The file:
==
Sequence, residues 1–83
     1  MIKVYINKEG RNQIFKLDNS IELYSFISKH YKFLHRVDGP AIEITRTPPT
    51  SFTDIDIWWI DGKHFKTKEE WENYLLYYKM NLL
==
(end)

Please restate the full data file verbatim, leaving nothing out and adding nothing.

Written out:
Sequence, residues 1–83
     1  MIKVYINKEG RNQIFKLDNS IELYSFISKH YKFLHRVDGP AIEITRTPPT
    51  SFTDIDIWWI DGKHFKTKEE WENYLLYYKM NLL